Tag Archives: Rustie


The holidays are the one time of year when I appreciate the fact that my Facebook and Twitter feeds are flooded with promotional posts. That’s because the holidays are the time for giving, specifically the time when producers dump all of their bootlegs/edits/unfinished tracks on the unsuspecting masses. The quality is generally a mixed bag, but we’ve received a deluge of heat in the past few days that deserves its fair due. On the raps front, Lil B, King Louie, Fredo SantanaLil Silk and Fabolous have let loose new tapes over the past week or so. All deserve your attention, although save Lil B’s 05 Fuck Em and maybe spend a little more time with Silk and Louie.

The good folks at Mixpak were also kind enough to hand out a bundle of free tracks from their roster and beyond. The Holiday Bundle evokes the grime, dancehall and soca-based riddim culture that Dre Skull has so carefully curated over the past few years. Sudanim, Murlo and Koyote all bring their best to the table.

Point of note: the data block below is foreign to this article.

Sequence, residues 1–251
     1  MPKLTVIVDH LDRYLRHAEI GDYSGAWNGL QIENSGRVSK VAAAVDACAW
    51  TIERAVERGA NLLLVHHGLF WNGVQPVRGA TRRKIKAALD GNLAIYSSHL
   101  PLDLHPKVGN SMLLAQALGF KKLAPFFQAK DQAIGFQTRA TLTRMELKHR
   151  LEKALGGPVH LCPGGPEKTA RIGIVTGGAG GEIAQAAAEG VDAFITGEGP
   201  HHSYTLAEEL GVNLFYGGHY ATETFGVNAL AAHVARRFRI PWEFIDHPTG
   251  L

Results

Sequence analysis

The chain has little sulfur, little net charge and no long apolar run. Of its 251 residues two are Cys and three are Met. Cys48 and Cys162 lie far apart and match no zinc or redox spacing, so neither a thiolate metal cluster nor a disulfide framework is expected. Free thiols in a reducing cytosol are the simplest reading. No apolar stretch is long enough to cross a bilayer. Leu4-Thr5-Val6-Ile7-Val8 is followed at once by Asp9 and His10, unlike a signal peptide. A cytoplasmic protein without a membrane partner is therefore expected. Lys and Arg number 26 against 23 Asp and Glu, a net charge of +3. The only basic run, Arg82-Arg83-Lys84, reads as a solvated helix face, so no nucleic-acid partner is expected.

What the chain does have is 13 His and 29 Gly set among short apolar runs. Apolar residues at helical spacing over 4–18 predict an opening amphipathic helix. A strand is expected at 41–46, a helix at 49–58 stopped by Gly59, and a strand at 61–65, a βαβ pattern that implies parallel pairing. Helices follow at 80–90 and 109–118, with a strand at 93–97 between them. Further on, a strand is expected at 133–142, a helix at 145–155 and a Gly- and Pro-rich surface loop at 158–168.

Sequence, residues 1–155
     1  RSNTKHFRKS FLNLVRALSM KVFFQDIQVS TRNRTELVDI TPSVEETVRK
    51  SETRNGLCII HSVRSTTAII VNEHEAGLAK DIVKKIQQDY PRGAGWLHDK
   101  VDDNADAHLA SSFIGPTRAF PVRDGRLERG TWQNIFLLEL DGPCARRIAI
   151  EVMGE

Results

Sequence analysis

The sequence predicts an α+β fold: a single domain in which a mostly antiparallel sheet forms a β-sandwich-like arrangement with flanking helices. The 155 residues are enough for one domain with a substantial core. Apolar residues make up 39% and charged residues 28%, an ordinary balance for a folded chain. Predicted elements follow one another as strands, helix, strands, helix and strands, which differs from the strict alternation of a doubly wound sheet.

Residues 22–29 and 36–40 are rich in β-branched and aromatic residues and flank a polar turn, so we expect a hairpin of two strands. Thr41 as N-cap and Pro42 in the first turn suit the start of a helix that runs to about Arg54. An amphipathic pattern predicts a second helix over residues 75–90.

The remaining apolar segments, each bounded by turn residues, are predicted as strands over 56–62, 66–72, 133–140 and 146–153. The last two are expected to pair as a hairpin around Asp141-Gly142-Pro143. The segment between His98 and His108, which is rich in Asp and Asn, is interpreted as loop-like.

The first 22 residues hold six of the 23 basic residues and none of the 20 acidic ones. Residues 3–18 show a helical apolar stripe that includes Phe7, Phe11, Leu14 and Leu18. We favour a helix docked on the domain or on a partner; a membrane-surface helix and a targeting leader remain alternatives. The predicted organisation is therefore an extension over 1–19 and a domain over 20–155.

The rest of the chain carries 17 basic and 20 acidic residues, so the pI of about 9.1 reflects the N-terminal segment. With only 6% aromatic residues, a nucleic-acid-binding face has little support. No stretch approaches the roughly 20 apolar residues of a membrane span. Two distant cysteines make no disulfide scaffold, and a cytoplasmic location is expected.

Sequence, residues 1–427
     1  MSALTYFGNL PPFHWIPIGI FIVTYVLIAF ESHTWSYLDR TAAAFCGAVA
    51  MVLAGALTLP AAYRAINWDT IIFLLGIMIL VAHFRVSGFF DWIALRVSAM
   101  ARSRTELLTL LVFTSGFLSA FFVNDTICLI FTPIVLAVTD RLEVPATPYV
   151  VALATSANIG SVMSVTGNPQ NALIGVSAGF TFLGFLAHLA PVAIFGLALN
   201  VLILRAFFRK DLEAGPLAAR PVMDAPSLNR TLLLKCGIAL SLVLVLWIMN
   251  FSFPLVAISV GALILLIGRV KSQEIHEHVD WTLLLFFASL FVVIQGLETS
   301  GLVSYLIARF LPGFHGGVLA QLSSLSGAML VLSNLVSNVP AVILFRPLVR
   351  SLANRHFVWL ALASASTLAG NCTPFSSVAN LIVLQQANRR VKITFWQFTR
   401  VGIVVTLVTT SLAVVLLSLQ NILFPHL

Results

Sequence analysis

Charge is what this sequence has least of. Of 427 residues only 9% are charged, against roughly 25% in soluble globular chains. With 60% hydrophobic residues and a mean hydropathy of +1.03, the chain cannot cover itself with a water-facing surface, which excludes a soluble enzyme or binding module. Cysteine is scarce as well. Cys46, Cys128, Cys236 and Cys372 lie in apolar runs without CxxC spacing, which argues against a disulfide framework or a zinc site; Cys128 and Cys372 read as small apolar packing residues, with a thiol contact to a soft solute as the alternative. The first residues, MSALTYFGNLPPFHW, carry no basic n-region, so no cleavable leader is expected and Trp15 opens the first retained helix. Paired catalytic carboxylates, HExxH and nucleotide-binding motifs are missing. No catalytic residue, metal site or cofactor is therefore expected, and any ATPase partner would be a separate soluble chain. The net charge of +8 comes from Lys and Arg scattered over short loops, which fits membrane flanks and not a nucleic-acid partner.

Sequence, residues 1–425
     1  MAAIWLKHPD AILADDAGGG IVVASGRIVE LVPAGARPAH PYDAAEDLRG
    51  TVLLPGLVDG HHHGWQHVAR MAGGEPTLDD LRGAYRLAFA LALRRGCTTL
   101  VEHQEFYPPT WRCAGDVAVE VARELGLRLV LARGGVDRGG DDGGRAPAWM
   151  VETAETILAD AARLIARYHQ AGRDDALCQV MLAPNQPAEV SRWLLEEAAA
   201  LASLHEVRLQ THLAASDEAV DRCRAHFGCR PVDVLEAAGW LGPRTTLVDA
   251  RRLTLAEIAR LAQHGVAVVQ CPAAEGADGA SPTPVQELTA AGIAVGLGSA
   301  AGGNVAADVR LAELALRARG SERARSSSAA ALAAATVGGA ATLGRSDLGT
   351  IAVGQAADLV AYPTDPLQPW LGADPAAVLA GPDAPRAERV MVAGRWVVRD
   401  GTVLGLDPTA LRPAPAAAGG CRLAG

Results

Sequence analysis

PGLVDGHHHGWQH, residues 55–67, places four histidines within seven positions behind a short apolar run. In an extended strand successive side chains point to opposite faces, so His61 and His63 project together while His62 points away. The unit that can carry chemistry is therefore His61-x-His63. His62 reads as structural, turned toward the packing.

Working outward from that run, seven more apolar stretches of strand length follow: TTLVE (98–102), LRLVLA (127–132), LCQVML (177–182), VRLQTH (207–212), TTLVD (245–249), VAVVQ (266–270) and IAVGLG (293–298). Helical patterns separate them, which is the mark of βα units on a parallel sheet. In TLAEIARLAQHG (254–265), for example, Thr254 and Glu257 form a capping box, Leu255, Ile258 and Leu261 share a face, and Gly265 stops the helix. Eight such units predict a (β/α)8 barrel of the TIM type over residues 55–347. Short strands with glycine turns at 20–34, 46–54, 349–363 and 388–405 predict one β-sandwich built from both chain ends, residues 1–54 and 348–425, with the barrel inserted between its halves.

You’ve likely seen these already as well, but big hitters Flying Lotus, Zed Bias, Ryan Hemsworth Clams Casino all gave bundles of tracks away in the past few days. Casino’s third Instrumental Mixtape is probably the most cohesive attempt of the bunch, but FlyLo’s assorted beats, remixes and bootlegs offer some intriguing insight into the producer and his cohort’s recording processes. The Hemsworth collection is largely edits he’s designed for live play and the “Post-Rock Tears” version of Future’s “Honest” is a real beauty. Two step legend Zed Bias handed over 200 MB of live recording, remixes and production work under both his ZB sobriquet and his Maddslinky nom de plume.

Hit the jump for a jambalaya of free tracks…